I begrudged that changeling inducing career almost from the start; for what it did to Erik and for what it did to our family. And my unchecked resentment only made things worse. So much worse. While I do cop to my culpability in the diminishing of our marriage, I do not condone what Erik did to risk its complete demise. Both things are true. Through his neglect of family life in favor of his profession, combined with my hostility about that slight, I lost a large part of my husband to law enforcement long before I lost part of him to another woman. And he lost a large part of me. But his choice to have an affair with a co-worker, 17 years into that seemingly fatalistic career, and 17 years into our marriage, served as prime proof of just how far from true north he had traveled.

We were broken long before the affair occurred, and I tried everything I could think of to put us back together. I think Erik did too, short of agreeing to seek professional help together. I asked multiple times, even pleaded on a few occasions. He refused to go. When I told him how unhappy I was, how unhappy I knew he was, and that I believed we needed outside help, he told me he knew where he was going wrong and how he could do better. That he wanted to do better and that he would. Over and over again. I too knew where I was going wrong but the difference was I knew I needed help to do better, feel better, get better.

Once I understood the less than desirable state of our marriage wasn’t likely to change, yet unwilling to abandon it, I started numbing myself to the sense of loss and loneliness I felt from an oftentimes unhappy and unfulfilling union. My mommy friends were a powerful anesthetic and I spent lots of time with them to ward off the lonelies. I sought relief via shopping, spending, acquiring and placating myself with things I thought would bring me some lasting happy. I calmed by campaigning for a bigger house in a better neighborhood, thinking I’d find contentment there. I lessened the grief by lobbying for vacations we could never really afford in an effort to feel like a family who was going places instead of going only through the motions. I chose to ice Erik out in a way that left him unmoored and with unmet needs, in order to protect my heart from further isolation and farther reaching hurt. And he chose the illicit intimacy, excruciating excitement and condemning consolation of another woman. I’m calling that strike two. On both of us.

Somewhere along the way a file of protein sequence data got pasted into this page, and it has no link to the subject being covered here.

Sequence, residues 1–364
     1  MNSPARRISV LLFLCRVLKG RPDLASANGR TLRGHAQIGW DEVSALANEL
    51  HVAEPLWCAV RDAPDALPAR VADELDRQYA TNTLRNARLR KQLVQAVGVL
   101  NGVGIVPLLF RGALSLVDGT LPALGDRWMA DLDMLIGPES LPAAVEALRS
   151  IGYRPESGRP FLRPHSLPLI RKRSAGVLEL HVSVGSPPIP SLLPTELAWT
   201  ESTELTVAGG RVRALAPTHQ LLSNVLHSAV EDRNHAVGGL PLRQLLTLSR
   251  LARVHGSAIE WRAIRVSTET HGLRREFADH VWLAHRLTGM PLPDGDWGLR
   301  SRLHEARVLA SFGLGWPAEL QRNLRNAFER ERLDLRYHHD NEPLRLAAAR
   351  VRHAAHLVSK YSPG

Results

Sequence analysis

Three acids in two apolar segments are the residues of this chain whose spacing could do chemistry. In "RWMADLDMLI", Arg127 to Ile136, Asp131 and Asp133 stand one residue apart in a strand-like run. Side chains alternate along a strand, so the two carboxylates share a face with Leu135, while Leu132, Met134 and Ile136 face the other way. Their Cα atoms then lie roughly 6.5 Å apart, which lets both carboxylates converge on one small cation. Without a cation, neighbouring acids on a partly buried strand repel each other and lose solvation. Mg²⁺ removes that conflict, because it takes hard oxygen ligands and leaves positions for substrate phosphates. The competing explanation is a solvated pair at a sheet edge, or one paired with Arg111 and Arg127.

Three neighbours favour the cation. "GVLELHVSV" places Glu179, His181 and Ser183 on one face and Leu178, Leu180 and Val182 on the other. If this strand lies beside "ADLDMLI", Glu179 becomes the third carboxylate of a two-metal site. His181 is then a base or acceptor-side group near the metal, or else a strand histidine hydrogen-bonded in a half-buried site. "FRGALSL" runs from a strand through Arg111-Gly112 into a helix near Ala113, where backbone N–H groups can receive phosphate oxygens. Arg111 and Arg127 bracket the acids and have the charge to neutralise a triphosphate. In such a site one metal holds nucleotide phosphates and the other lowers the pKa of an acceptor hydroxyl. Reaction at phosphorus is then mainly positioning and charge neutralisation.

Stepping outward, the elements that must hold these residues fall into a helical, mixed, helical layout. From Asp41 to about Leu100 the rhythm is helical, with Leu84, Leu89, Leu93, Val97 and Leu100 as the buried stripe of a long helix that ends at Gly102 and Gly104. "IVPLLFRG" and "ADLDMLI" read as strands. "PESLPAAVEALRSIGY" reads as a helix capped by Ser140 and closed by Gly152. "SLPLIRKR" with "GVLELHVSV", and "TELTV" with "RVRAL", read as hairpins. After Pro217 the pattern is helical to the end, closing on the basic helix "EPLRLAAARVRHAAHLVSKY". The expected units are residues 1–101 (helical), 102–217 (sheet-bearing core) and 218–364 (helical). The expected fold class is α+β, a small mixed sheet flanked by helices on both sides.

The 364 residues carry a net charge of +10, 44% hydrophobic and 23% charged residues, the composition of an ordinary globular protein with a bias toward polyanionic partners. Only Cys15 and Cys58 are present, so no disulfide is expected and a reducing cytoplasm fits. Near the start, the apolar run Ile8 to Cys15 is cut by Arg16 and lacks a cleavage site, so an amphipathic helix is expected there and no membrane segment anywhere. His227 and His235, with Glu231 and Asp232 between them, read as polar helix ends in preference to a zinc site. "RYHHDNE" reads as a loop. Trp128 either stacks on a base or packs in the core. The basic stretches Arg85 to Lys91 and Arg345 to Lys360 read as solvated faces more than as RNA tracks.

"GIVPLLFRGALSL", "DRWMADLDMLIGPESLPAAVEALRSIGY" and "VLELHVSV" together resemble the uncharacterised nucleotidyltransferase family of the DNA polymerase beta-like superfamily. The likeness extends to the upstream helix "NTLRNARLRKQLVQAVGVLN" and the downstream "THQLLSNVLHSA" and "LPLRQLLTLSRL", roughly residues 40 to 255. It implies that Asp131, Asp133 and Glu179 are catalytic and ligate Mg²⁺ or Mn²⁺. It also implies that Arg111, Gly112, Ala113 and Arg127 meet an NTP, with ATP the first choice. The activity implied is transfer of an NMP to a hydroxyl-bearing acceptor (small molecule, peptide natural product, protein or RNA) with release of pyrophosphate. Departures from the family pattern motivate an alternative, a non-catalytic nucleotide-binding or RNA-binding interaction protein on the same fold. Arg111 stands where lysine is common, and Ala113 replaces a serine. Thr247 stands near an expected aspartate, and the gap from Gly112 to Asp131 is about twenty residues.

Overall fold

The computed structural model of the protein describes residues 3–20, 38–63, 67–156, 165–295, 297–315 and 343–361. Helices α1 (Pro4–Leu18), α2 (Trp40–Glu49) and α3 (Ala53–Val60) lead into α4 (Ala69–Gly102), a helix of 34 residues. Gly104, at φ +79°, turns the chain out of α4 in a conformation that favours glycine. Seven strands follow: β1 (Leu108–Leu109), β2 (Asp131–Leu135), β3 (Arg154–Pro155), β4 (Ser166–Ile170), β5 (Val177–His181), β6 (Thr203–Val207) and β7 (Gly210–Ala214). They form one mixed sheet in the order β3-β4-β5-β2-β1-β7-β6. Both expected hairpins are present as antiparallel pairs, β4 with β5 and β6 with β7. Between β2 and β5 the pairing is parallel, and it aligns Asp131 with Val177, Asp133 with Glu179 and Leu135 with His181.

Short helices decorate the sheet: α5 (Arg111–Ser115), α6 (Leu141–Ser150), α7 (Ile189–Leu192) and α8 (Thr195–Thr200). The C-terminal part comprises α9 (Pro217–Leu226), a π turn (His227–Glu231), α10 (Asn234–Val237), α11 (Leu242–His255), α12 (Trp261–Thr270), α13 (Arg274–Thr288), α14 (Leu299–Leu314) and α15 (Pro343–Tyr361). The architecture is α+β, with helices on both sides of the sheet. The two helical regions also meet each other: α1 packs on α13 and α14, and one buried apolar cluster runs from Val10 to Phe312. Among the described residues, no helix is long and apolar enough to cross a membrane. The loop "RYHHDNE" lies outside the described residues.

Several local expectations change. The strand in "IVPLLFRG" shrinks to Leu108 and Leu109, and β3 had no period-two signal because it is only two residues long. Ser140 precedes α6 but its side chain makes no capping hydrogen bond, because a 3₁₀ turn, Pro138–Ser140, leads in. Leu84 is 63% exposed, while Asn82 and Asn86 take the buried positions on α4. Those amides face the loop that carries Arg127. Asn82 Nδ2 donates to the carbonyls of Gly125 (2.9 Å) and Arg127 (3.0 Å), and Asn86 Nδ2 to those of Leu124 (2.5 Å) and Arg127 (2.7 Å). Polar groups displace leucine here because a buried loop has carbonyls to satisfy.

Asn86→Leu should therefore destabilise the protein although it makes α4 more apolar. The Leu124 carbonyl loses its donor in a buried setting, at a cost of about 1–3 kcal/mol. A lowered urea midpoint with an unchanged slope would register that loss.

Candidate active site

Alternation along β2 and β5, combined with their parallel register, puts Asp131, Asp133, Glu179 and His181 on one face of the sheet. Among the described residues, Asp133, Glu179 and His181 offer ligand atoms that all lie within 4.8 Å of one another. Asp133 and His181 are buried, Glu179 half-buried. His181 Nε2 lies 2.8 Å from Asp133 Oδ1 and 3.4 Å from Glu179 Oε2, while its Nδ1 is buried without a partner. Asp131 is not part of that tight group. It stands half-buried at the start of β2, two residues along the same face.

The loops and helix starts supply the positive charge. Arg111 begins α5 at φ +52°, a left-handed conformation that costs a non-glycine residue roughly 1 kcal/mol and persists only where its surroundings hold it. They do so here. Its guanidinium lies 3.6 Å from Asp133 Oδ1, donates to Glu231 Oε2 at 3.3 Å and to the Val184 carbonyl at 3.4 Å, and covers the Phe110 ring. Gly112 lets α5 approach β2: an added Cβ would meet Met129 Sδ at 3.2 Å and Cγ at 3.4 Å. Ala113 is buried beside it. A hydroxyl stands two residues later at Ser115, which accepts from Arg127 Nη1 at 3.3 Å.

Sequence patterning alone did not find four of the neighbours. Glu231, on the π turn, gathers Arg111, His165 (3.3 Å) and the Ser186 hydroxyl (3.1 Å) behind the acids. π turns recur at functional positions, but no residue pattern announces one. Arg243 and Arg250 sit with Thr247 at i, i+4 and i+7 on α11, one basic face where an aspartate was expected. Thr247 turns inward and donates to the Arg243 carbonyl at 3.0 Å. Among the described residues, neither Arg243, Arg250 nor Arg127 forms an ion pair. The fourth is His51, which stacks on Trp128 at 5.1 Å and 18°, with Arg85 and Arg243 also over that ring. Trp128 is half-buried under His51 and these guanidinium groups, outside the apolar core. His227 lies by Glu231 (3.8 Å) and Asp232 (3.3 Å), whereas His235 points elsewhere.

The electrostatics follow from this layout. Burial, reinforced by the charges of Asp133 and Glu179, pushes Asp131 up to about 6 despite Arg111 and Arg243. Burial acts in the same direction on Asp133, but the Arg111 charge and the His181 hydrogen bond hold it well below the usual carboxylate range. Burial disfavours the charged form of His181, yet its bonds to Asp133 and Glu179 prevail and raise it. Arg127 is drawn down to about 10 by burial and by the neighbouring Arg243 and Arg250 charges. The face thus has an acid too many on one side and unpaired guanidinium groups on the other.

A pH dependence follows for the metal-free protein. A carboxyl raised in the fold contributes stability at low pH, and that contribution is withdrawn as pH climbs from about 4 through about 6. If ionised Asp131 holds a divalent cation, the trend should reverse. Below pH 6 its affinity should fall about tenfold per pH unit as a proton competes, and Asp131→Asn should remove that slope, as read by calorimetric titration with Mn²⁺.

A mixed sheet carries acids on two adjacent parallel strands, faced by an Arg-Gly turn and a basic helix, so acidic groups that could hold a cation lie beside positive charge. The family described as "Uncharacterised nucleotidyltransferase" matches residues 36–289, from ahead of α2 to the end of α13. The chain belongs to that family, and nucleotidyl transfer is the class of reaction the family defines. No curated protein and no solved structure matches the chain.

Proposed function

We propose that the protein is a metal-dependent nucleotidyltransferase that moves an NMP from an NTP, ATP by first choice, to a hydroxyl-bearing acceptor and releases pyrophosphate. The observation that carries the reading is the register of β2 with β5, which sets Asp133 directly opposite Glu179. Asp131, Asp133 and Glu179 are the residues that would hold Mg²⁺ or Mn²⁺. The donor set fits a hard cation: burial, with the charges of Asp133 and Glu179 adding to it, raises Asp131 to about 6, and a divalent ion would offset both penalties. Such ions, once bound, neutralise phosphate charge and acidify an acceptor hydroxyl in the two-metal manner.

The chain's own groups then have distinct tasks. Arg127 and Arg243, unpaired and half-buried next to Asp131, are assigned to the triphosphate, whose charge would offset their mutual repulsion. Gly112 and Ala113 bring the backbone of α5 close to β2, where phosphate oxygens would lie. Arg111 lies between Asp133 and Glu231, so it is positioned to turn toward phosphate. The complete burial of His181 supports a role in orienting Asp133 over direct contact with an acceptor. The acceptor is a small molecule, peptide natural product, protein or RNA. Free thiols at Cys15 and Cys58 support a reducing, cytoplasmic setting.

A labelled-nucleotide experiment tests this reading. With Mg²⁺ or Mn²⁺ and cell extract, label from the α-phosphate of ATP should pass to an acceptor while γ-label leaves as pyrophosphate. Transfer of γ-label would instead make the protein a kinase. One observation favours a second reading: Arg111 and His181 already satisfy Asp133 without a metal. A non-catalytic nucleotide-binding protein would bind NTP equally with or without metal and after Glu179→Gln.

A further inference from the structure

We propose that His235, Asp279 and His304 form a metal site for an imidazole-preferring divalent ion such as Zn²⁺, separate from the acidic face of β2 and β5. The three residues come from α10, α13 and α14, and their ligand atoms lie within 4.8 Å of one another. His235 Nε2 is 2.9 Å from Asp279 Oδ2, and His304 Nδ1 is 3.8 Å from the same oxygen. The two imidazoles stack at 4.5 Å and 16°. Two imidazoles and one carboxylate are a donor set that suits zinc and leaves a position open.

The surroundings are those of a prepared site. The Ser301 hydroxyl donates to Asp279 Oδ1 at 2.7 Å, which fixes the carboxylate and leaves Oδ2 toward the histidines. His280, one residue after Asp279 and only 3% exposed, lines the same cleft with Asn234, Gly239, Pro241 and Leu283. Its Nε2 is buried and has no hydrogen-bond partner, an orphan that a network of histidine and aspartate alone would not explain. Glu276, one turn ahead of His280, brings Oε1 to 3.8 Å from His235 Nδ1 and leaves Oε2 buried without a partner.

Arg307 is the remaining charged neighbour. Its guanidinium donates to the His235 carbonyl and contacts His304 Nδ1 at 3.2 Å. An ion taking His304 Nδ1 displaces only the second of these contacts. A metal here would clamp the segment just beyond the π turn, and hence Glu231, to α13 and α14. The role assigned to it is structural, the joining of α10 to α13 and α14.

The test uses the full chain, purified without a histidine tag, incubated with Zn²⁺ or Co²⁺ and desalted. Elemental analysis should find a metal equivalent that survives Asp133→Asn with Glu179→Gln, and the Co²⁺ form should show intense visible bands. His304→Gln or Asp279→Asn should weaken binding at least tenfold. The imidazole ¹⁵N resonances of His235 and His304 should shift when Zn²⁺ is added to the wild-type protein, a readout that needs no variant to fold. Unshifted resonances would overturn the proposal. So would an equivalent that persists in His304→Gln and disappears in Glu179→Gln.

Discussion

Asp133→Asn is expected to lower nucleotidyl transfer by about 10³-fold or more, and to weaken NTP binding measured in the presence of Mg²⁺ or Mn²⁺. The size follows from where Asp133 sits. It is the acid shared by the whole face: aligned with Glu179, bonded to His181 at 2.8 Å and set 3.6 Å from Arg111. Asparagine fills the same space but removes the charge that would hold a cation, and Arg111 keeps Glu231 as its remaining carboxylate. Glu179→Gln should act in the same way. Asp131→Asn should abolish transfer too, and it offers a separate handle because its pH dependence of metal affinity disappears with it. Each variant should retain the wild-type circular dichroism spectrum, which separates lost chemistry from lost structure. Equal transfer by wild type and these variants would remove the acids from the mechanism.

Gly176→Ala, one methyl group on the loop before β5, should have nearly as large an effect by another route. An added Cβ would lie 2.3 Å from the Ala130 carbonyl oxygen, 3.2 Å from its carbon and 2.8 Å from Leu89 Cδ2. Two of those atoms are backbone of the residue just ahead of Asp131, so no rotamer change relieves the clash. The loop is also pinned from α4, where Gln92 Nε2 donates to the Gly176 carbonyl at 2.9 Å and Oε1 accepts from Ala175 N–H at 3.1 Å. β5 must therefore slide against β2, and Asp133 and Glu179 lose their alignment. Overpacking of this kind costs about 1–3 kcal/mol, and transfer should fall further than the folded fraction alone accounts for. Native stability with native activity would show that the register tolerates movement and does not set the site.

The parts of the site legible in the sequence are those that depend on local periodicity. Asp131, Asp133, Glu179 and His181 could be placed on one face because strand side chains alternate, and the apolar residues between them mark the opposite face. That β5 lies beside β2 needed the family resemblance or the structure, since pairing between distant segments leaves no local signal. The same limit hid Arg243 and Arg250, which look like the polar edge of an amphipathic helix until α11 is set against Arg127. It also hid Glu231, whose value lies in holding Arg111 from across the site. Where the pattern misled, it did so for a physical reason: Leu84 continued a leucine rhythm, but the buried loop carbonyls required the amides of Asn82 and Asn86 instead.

Strike three never came hasn’t come. I’m learning to never say never anymore. We didn’t strike out looking because Erik didn’t leave me for her. Clichés are so cliché, but things can always be worse. We are still at the plate because his affair ended almost as quickly as it began, and he chose to stay my husband and a live-in father to our children. He chose to recommit and once again, to try to do better. But still on his own, without any help, and without telling me he had strayed.

After his affair ended, and while I was still in the dark about it, we forged on with our marriage, though we continually got snagged on our broken, jagged edges yet in need of repair. We celebrated our 20th wedding anniversary, which coincided with his 20th work anniversary, on Kauai; our first trip ever to any of the captivating and alluring Hawaiian islands. It was an Aloha infused sojourn of beauty, relaxation, fun and adventure that left me feeling inexplicably deflated and still not connected to Erik in the way I yearned to be. And I could not put my finger on why or how I could possibly have left Kauai feeling that way.